Introduction by Erik Hoffner
Our world is wild by nature, destroying and creating anew in a process that may seem random but in practice is measured, methodical, and impressive. My inspiration stems from seeking out these wilds to understand and express their untamed nature, savage indifference, and orderly beauty.
My “Ice Visions” series documents ephemeral formations created by ice fishermen in partnership with elemental forces. The holes that fishermen cut in a lake refreeze overnight, creating fertile ground for nature’s wild artistic side. These perfectly augered circles become worlds at once interstellar and cellular: in the morning light, with tiny bubbles from below fixed almost magically in place among new inches of ice, these scenes come to life as eyes, galaxies, stars, or mitochondria when rendered in fine detail in black and white.
For the past 20 years during clear winter weather, I’ve grabbed my skates and cameras and hit the ice before an approaching storm front can hide under layers of fresh snow what nature has created overnight.
ARTerrain Gallery by Erik Hoffner
Ice Visions | Photographs
All images in this gallery were created on Upper Highland Lake in Goshen, Massachusetts, on January 15, 2018. Images may not be copied or otherwise used without express written consent of the artist. Click image to view in larger size.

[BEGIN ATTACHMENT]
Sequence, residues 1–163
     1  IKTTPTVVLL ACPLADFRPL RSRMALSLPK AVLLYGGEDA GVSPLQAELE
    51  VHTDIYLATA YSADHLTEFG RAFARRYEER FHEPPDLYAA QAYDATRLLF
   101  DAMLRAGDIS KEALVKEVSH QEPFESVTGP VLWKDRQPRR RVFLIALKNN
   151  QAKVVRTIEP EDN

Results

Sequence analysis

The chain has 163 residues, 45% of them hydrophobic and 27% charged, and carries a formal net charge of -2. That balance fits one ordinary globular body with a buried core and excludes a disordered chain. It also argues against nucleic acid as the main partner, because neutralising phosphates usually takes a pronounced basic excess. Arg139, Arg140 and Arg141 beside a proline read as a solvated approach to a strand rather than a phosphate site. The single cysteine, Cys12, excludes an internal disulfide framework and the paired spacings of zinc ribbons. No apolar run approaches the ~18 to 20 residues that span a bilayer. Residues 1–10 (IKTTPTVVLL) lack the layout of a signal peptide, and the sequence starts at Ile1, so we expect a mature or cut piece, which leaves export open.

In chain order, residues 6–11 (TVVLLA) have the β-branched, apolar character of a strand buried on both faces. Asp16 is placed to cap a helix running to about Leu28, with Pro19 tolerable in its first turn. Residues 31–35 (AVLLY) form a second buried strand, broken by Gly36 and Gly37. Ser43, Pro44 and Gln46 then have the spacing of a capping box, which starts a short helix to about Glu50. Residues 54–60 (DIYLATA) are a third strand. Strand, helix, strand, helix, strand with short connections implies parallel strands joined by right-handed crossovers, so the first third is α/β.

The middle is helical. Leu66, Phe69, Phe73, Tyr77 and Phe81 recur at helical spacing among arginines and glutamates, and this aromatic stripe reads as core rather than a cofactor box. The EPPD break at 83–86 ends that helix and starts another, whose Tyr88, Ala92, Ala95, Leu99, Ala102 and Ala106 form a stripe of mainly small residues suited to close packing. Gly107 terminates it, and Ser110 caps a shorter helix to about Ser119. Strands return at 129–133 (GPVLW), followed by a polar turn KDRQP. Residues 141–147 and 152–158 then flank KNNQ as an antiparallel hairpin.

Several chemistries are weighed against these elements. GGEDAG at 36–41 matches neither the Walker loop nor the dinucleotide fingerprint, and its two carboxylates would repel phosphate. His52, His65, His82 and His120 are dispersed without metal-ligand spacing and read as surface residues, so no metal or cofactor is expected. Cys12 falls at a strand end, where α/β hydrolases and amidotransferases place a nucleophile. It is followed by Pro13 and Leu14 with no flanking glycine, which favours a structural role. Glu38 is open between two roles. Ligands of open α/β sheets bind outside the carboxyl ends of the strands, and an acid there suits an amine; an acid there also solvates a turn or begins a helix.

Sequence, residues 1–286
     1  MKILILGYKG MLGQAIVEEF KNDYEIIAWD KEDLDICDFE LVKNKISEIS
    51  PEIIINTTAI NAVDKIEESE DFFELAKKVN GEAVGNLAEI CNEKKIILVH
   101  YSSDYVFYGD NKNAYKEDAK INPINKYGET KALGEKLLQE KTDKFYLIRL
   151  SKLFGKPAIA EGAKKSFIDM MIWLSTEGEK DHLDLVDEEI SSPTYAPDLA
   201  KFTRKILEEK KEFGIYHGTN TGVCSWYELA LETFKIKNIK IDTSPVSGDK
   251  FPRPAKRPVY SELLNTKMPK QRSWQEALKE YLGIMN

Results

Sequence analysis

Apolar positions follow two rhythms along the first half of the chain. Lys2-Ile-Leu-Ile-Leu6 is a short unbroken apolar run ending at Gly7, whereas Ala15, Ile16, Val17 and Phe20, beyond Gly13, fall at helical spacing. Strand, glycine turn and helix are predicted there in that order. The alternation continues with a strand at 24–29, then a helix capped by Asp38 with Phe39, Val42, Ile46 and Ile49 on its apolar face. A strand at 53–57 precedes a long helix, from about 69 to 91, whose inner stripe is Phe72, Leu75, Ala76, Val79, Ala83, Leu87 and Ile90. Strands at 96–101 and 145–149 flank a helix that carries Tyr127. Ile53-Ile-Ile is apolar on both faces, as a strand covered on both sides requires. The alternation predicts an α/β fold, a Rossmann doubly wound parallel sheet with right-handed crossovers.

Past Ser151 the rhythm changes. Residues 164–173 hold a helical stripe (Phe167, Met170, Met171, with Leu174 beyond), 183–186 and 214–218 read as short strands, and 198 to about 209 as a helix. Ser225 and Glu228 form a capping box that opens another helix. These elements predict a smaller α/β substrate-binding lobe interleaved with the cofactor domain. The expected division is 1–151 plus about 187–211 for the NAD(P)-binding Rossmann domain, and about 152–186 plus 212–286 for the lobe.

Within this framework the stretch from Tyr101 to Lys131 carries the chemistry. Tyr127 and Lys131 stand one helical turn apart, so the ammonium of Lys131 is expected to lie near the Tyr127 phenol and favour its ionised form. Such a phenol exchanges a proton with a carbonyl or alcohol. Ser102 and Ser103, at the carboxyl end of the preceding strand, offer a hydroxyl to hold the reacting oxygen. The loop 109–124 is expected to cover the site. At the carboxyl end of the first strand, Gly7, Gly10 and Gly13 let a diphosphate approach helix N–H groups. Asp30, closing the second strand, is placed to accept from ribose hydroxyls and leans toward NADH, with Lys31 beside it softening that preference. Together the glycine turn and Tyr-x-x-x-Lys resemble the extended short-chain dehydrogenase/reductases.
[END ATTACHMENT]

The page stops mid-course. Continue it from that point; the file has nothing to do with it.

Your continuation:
About the Artist
Erik Hoffner is a freelance photojournalist and fine art photographer whose work has appeared in publications ranging from The Guardian to The Washington Post to The Sun. His photography has been exhibited at galleries throughout New England and as far away as the New Mexico State Capitol. As an editor for Mongabay, he works to keep 36 million global readers informed of the latest developments in conservation news and science. Previously, he was a columnist, photographer, and podcast host for Orion. An exhibiting member at the Vermont Center for Photography and a member of the Society of Environmental Journalists, Erik lives in Western Massachusetts.
“Ice Visions”will be on exhibit at the Brattleboro Museum and Art Center in Brattleboro, Vermont, from October 23, 2020 through March 6, 2021, in conjunction with the Vermont Folklife Center.
All images by Erik Hoffner.